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No love toward others in that bosom sits,
That on himself such murderous shame commits?.

For shame! deny that thou bear’st love to any,
Who for thyself art so unprovident.
Grant if thou wilt, thou art belov'd of many,
But that thou none lov'st, is most evident ;
For thou art so possess'd with murderous hate,
That 'gainst thyself thou stick'st not to conspire;
Seeking that beateous roof to ruinate ,
Which to repair should be thy chief desire.
O, change thy thought, that I may change my

Shall hate be fairer lodg’d than gentle love?
Be, as thy presence is, gracious and kind,
Or to thyself, at least, kind-hearted prove:

Make thee another self, for love of me,
That beauty still may live in thine or thee.


As fast as thou shalt wane, so fast thou grow'st
In one of thine, from that which thou departest;
And that fresh blood which youngly thou bestow'st,
Thou may'st call thine, when thou from youth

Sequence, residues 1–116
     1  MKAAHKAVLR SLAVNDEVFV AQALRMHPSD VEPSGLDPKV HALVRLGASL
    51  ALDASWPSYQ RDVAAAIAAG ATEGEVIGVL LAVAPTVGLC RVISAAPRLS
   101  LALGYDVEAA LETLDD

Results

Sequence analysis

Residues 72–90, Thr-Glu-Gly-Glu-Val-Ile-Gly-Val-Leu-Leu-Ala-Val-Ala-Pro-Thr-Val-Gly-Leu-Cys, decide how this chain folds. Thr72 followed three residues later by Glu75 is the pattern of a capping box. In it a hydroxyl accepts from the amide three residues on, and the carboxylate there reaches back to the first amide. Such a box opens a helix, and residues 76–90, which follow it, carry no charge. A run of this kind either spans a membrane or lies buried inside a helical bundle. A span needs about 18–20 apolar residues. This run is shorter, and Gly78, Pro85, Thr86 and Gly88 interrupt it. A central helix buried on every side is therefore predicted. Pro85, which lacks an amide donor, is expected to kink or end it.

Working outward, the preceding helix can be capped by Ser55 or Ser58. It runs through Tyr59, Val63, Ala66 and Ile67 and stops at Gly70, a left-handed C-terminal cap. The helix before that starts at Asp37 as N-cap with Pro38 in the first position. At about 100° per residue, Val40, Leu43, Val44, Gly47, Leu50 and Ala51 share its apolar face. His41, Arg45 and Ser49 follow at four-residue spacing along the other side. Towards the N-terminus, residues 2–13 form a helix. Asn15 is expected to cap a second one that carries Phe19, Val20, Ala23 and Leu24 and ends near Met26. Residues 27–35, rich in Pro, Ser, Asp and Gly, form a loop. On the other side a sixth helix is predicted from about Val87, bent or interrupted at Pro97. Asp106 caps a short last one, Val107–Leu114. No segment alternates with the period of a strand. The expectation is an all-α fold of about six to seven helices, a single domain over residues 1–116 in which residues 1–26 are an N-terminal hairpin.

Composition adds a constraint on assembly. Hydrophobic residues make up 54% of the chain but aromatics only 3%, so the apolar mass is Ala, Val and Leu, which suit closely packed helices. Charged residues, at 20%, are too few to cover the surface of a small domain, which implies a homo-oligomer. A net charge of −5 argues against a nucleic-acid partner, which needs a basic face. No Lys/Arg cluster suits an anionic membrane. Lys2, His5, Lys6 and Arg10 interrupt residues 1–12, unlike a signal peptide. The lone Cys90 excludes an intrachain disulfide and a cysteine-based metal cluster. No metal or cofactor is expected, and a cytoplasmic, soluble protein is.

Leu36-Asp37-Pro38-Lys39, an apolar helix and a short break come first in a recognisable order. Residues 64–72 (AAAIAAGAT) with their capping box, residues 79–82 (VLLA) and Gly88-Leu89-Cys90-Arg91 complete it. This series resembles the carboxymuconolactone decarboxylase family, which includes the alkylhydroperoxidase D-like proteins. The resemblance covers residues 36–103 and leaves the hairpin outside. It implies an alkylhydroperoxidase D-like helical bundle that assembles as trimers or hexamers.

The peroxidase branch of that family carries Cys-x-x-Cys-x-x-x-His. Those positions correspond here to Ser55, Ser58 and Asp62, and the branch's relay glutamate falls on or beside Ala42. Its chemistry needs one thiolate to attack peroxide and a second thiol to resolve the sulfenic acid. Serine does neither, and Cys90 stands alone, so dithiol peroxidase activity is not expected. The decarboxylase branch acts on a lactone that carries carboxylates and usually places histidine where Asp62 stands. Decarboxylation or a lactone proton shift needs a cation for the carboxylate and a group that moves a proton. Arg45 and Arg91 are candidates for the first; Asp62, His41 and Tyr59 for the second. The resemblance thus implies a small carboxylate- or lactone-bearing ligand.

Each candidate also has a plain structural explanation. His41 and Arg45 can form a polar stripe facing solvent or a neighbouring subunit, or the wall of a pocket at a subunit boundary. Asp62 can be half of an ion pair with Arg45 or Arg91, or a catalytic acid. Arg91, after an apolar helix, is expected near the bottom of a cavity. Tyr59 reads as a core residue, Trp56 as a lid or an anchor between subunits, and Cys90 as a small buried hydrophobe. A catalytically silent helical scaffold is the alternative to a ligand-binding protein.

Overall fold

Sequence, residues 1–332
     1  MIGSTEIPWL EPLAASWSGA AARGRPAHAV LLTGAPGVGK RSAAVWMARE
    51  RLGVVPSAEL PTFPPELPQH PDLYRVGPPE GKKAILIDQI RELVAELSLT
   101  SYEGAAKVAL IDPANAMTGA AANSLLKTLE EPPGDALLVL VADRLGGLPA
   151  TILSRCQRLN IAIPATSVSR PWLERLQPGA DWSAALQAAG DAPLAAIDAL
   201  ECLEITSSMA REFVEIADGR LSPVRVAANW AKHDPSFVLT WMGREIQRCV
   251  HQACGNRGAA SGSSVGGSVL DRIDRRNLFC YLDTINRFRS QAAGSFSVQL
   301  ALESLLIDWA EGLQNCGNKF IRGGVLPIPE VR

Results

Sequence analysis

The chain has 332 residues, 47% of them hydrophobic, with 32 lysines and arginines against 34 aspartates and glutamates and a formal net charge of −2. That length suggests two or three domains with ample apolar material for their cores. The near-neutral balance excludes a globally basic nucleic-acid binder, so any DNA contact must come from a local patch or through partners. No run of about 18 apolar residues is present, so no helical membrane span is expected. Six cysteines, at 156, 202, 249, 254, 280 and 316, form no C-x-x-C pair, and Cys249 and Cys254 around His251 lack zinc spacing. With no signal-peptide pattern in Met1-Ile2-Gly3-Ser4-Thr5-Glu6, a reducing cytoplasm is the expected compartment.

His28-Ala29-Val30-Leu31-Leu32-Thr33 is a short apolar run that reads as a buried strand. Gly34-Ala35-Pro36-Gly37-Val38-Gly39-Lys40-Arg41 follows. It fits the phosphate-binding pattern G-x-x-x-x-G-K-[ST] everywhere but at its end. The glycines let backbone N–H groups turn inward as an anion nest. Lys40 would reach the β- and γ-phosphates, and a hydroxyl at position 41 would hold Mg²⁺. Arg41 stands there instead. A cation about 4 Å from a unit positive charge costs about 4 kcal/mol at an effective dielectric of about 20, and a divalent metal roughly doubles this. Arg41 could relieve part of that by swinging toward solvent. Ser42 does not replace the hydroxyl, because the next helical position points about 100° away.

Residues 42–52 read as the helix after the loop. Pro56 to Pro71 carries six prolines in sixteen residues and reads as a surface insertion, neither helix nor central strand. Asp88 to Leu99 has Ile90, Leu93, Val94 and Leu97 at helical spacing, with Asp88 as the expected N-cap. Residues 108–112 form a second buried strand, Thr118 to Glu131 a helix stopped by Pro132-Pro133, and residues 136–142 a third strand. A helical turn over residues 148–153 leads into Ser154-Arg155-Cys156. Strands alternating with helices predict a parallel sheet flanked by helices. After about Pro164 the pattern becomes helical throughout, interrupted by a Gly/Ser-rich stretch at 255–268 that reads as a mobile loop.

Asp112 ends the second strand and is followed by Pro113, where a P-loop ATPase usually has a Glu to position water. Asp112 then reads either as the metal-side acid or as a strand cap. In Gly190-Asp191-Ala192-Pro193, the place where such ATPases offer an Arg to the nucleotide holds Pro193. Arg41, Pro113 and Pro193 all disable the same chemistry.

7 That on himself such murderous SHAME COMMITS.] So, in Romeo and Juliet:

" And here is come to do some villainous shame

“ To the dead bodies." MALONE. Seeking that beauteous roof to RUINATE, &c.] This is a metaphor of which our author is peculiarly fond. So, in The Comedy of Errors :

“ Shall love in building grow so ruinate ? Again, in The Two Gentlemen of Verona :

“O thou, that dost inhabit in my breast,
“Leave not the mansion so long tenantless,
" Lest, growing ruinous, the building fall,
“ And leave no memory of what it was.

Repair me with thy presence, Silvia." STEEVENS.

Herein lives wisdom, beauty, and increase;
Without this, folly, age, and cold decay:
If all were minded so, the times should cease,
And threescore years would make the world away.
Let those whom nature hath not made for store”,
Harsh, featureless, and rude, barrenly perish:
Look, whom she best endow'd, she gave thee more;
Which bounteous gift thou should'st in bounty

cherish: She cary'd thee for her seal, and meant thereby, Thou should'st print more, nor let that copy die”.

When I do count the clock that tells the time,
And see the brave day sunk in hideous night;
When I behold the violet past prime,
And sable curls, all silver'd o'er with white;
When lofty trees I see bạrren of leaves,
Which erst from heat did canopy the herd *,

9 — for store,] i. e. to be preserved for use. MALONE. 1 Look, whom she best endow'd, she gave thee more;

Which bounteous gift thou should'st in bounty cherish:] On a survey of mankind, you will find that nature, however liberal she may have been to others, has been still more bountiful to you. The old copy reads-she gave the more; which was evidently a misprint. MALONE.